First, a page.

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sometimes a grumpy attitude. None of the above apply to Gomez. The 21 year old, who prefers his students to call him by his first name, is a couple of semesters away from his undergraduate degree. Usually being a substitute requires a degree, but Gomez’s expertise and passion for music gave him credibility with principals and district employees who encouraged Gomez to pursue teaching. “It’s only gotten me here because of the people I know, and the person I am,” Gomez said. He has never questioned following these opportunities. His eagerness to learn more about music has guided him in his career. Gomez started teaching orchestra classes only a year out of high school. He originally taught at Guyer High School
the year after he graduated, filling in for his former teacher while she was on maternity leave. “I was teaching kids I just got out of school with. So they all knew me. It was weird, because I was 19,” Gomez said. Not even a year later, he got a second opportunity to teach because his teacher had another baby. His third teaching job was at Marcus. Gomez is not only a full time college student, but he attends two colleges. He goes to UNT full time to study music theory, and he flies to an orchestral conducting program in Nebraska once a week when he is not teaching. Gomez is working towards becoming an orchestral conductor for big symphonies. Part of his goal in-
cludes going to community meetings and teaching youth orchestras about the importance of music. This led to Gomez taking on the challenge of teaching and going to school at the same time. Though he’s enjoyed the challenge of juggling two full time schedules he still found it hard to keep up with all of his responsibilities. He said that he often felt that he was taking on too much. “It’s a different level of exhaustion,” Gomez said. In his first two years of college, Gomez was not getting enough sleep, staying up to study or prepare lesson plans. His crammed schedule once caused him to take an exam online at 3 in the morning because that was the only free time in his schedule. Even so, Gomez has maintained a 4.0 GPA for the entirety of his college career, studying upwards of six hours in the evening after teaching all day. He said one way he was able to
“I found a Wikihow article on how to gaslight people.” -Orchestra room
avoid burnout was learning something new about music every day. He said that despite his full schedule, he looks forward to teaching. “I don’t think I would be able to hold
Substitute teacher Stephan Gomez taught orchestra at the school while attending college classes. Photo Avery Jerina
any other job, and go to school full time if it wasn’t teaching,” Gomez said. Many students, like junior Carter James, said Gomez was able to relate to them. “We were here to help support him, and he was here to help support us.” I thought it worked really well,” James said. Junior Isis Richardson said Gomez’s goal of inspiring passion for music helped him bring the students together while they played. “When we played as an orchestra, it didn’t feel like the conductor was on a different level,” Richardson said. “It just felt like we were all making music together.” He said his victories in teaching and sharing music also kept him going when his busy schedule caught up with him. “It could literally be a smile from one kid in the room. It could be one kid who has never played in tune, finally getting the concept of playing in tune… when they come to you, you get that reassurance that you’re doing the right thing,” Gomez said.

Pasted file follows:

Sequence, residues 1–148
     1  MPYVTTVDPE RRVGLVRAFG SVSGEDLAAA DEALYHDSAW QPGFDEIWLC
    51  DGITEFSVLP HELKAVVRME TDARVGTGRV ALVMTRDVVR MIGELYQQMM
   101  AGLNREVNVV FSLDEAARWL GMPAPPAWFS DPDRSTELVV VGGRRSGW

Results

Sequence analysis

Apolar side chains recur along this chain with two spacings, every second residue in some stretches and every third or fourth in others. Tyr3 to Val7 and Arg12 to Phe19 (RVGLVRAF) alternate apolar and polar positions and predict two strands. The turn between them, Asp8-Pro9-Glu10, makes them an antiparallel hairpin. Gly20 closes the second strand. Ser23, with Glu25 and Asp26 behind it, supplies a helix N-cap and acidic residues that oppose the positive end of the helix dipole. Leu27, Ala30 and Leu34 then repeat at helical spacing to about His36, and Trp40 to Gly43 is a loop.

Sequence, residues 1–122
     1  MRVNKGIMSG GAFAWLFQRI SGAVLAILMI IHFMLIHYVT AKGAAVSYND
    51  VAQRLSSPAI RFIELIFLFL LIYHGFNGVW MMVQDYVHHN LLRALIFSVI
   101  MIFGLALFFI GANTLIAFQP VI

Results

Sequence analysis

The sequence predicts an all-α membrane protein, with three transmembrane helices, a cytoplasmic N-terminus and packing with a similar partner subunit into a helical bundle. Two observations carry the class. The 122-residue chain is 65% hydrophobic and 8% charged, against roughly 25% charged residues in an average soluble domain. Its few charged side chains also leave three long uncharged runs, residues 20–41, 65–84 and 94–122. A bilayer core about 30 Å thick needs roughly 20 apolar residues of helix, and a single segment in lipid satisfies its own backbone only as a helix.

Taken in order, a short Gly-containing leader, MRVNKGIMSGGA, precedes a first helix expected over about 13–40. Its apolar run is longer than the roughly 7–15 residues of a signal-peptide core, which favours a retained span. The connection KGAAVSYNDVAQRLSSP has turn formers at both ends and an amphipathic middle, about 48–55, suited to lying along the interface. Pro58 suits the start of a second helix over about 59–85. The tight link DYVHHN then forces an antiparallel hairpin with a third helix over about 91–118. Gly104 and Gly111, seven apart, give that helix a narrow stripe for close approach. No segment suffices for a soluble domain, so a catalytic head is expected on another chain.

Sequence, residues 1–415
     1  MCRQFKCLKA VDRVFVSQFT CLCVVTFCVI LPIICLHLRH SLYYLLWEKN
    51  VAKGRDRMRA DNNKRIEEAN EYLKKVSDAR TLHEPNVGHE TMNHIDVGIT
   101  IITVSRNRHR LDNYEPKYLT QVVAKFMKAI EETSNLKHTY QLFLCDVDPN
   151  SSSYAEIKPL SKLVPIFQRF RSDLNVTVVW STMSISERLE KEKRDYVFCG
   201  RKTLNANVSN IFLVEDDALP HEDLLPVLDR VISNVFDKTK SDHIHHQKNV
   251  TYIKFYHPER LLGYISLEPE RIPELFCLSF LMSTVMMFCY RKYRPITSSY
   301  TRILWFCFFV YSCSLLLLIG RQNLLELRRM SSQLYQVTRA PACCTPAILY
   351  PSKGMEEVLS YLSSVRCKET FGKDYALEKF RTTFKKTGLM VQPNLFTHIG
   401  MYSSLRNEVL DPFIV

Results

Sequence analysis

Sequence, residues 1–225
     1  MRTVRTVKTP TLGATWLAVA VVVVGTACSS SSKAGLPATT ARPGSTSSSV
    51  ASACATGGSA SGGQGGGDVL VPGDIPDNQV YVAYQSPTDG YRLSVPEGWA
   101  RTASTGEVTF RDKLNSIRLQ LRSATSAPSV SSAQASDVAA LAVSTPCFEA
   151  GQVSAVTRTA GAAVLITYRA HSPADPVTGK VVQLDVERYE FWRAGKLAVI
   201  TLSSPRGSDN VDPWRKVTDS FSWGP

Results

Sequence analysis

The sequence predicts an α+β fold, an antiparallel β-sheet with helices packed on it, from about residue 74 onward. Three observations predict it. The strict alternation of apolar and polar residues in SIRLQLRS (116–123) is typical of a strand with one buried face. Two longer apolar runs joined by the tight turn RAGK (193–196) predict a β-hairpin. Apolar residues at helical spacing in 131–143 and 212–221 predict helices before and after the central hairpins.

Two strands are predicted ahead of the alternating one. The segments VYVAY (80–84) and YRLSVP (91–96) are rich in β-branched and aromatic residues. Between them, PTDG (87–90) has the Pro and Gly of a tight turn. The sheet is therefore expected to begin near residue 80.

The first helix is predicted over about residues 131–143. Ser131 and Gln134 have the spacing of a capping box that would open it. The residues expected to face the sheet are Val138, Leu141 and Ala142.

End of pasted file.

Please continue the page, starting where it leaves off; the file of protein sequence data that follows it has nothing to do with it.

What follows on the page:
“I get the point of this but I don’t really get the point of this.” -Newsroom
“I mean, people are going to lose their love for people, but you’re always going to love money, you know? Money’s never going to say mean things about your parents.” - S Hall
“No, I don’t want to hear about your Annoying Orange fan fiction!” - Front of the school
“So as an Italian, how do you feel about Chris Pratt?” - S Hall
“You’re 15, you don’t have an opinion.” - Cafeteria “The chicken nuggets were so bad that I cried” - W Hall
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Next man up New quarterback leads team this season story Hyunsung Na As Garrett Nussmeier’s backup last year, senior Jaxxon Warren hardly ever stepped onto the field. Instead, he was right beside it. During games he’d cheer for his teammates or watch closely as Nussmeier led the team. But Warren wasn’t bitter or upset. He knew to be patient. His chance would come. It was the last game of the 2020 season, the team had an undefeated record, with only Plano East to play before the playoffs. For Warren to play over current LSU quarterback Nussmeier, something unbelievable would have to happen. By the second quarter, the Marauders had a 35-14 lead. Nussmeier and the offense were clicking. The defense was playing great. With momentum heading into the playoffs, everything pointed toward capping off their perfect season. With little time left in the quarter, Nussmeier had a big run. It seemed like an everyday play by the talented quarterback until after the tackle, when Nussmeier was helped off the field by multiple trainers. Warren was the next man up. With a big lead and his team around him, he managed to close out the game with a 66-21 win. The following week was the real challenge for Warren. Nussmeier badly injured his non-throwing hand, which meant Warren’s first start of the season was in the playoffs against Prosper. “Now that, that was pressure,” Warren